Afghan Taliban given list of ‘wanted’ TTP men

Akhundzada sets up commission to investigate Pakistan’s concerns

Kamran Yousaf August 23, 2021
File photo of Tehreek-e-Taliban Pakistan militants. PHOTO: REUTERS


Pakistan has handed over to the Afghan Taliban a list of “most wanted terrorists” affiliated with the banned Tehreek-e-Taliban Pakistan (TTP) operating from the war-torn neighbouring country as Islamabad seeks to take decisive action against the militant outfit.

Besides, Afghan Taliban chief Haibatullah Akhundzada has reportedly set up a three-member commission to investigate Islamabad’s complaints that the TTP was using Afghanistan to plot cross-border terrorist attacks.

The list was shared with the Afghan Taliban leadership recently after they took control of Kabul at a lightning speed that stunned the world.

As the Afghan Taliban prepare to form the government in Kabul, Islamabad has already initiated talks with the group, seeking action against TTP and its affiliates.

"We have taken up the issue with them [Afghan Taliban]. We have given them a list of wanted TTP terrorists operating from Afghanistan," a senior Pakistani official, familiar with the development, told The Express Tribune.

The official, who spoke on the condition of anonymity, added that Pakistan expected the new government led by the Afghan Taliban to take action against the TTP.

Although the official did not share the list, it is believed that Pakistan was seeking extradition or action against the TTP chief and its other top commanders.

Read: Taliban commission to investigate Pakistan’s TTP concerns

Separately, a commission set up by the Afghan Taliban has been working towards urging anti-Pakistan militants to stop violence against the neighbouring country and return to their homes across the border, the Voice of America (VOA) learnt through highly-placed sources.

Quoting sources in Islamabad, the VOA reported that the TTP leaders were being warned by the commission to settle their problems with Pakistan "and return to the country along with their families in exchange for a possible amnesty by the Pakistani government”.

The sources have ruled out the possibility of Pakistan accepting any TTP demands, insisting the amnesty would be offered in line with the country’s Constitution and law, which would require the militants to surrender their weapons.

According to the February 2020 deal reached between the Afghan Taliban and the US in Doha, the group cannot permit regional or transnational terrorist groups to use Afghan soil to threaten global security.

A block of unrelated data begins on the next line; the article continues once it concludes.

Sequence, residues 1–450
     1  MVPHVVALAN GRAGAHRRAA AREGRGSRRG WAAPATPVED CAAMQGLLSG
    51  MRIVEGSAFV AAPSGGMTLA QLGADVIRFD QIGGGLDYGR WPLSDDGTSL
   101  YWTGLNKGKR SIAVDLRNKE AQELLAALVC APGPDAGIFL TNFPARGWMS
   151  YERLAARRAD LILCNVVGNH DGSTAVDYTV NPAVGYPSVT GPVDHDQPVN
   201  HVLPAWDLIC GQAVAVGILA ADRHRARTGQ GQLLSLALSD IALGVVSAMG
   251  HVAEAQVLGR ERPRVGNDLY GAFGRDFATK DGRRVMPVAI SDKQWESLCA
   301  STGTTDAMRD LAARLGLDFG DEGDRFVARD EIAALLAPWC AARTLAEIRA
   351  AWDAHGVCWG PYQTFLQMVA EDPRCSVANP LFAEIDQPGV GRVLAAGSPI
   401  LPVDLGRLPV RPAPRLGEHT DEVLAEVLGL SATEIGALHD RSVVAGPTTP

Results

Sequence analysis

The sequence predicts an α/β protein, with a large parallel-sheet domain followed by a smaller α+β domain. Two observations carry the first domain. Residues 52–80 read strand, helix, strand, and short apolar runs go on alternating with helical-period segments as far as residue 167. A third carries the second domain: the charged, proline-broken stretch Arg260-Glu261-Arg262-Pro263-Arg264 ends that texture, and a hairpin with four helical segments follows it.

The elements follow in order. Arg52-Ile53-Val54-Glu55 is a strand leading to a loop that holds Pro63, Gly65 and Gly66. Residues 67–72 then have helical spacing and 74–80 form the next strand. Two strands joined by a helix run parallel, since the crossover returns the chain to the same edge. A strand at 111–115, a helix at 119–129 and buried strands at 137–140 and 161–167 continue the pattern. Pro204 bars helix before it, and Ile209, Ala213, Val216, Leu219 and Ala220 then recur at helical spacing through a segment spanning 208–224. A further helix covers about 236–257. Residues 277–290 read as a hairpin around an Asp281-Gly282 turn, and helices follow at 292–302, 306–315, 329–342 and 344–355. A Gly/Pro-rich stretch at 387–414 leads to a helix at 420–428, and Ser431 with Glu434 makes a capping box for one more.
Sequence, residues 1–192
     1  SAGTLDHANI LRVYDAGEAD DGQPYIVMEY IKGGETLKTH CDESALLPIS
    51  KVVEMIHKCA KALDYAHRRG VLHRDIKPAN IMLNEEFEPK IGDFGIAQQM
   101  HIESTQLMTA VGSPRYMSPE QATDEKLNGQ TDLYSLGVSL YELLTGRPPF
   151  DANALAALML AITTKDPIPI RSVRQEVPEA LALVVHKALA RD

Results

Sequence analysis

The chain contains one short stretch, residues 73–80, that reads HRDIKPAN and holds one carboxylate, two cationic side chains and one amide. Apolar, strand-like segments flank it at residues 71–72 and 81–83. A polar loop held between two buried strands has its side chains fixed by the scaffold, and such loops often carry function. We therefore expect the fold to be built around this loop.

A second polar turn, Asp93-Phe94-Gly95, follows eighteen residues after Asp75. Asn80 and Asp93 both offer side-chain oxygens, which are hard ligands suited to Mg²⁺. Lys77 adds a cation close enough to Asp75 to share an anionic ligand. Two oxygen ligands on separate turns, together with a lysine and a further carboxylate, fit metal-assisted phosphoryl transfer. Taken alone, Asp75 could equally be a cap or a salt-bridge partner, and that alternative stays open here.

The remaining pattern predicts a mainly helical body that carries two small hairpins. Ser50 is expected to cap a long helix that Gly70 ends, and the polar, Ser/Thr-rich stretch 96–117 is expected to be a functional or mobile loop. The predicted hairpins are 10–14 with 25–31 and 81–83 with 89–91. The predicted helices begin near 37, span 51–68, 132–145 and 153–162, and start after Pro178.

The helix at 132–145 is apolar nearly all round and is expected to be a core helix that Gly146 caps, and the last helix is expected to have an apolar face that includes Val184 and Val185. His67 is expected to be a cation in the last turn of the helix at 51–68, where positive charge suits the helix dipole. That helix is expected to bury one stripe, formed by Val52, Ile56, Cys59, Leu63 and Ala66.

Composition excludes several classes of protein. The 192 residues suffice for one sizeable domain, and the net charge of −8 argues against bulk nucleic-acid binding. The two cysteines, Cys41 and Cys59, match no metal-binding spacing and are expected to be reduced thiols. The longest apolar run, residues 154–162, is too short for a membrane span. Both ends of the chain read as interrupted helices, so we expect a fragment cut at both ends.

"This concern is legitimate, and our policy is clear that we will not allow anyone to use the soil of Afghanistan against any neighbouring country, including Pakistan. So, they should not have any concern,” Afghan Taliban spokesperson Suhail Shaheen told media agencies.

Shaheen added that neither the TTP nor any other terrorist groups “will have no place in our country and that’s a clear message to all.”

Analysts have claimed that it would be extremely difficult for the Afghan Taliban to disregard the reservations of the neighbouring countries, including Pakistan, on the presence of terrorists which have targets across the Afghan border.

The TTP was driven out of the erstwhile tribal areas by Pakistan when it launched a full scale military offensive in 2014.

Most of the TTP terrorists found refuge across the border as Pakistan accused Indian spy agency Research and Analysis Wing (RAW) and Afghanistan's National Directorate of Security (NDS) of funding and backing the terrorist outfit.

Since the Afghan Taliban swept Kabul at a stunning pace, there are growing concerns that groups such as the banned TTP may be further emboldened by the development.

The TTP chief recently issued a statement congratulating the Afghan Taliban victory and renewed allegiance to its chief Akhundzada.

There were also reports that the Afghan Taliban released many TTP terrorists including its former deputy chief Maulvi Faqir Muhammad from jail.

Read more: As Kabul turmoil mounts, Taliban's PR offensive falters

However, the official was hopeful that the Afghan Taliban would not allow the soil of the neighbouring country to become a safe haven for the TTP and other terrorist groups.

Army chief Gen Qamar Javed Bajwa had recently reminded the Afghan Taliban of the promise they made with the international community for not letting Afghan soil to be used by terrorists again.

At a weekly briefing, the Foreign Office spokesperson had indicated that Pakistan would ask the Afghan Taliban to take action against TTP.

"We have a clear position on the TTP. It is a terrorist organisation that is proscribed by Pakistan as well as the United Nations," then FO spokesperson Zahid Hafeez Chaudhri had said.

"We have been taking up the issue of use of Afghan soil by the TTP for terrorist activities in Pakistan with the previous Afghan government and we will continue to do so with the future one. We must ensure that it [TTP] is not provided any space in Afghanistan to operate against Pakistan," he added.

The spokesperson also said Pakistan had seen some media reports regarding the release of TTP terrorists.

"We have and continue to oppose support for any individual or any proscribed groups and outfits that remained involved in terrorist activities inside Pakistan.”

Zahid added that Pakistan hoped that once the new government was formed in Afghanistan, it would take strict measures to ensure that its soil was not used against other countries.


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